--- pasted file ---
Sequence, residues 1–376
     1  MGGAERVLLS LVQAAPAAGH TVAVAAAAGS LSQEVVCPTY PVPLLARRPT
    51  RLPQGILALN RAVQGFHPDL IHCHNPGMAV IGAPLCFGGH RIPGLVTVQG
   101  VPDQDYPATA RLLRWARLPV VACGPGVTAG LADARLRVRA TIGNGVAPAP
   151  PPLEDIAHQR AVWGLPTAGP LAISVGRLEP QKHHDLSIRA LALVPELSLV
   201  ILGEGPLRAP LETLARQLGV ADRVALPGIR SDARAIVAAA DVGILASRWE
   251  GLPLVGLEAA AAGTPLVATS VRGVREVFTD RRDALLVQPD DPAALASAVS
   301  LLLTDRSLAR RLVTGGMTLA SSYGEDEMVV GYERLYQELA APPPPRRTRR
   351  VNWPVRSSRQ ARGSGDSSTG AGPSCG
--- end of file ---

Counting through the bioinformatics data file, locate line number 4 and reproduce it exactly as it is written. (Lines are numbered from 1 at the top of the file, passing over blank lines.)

   101  VPDQDYPATA RLLRWARLPV VACGPGVTAG LADARLRVRA TIGNGVAPAP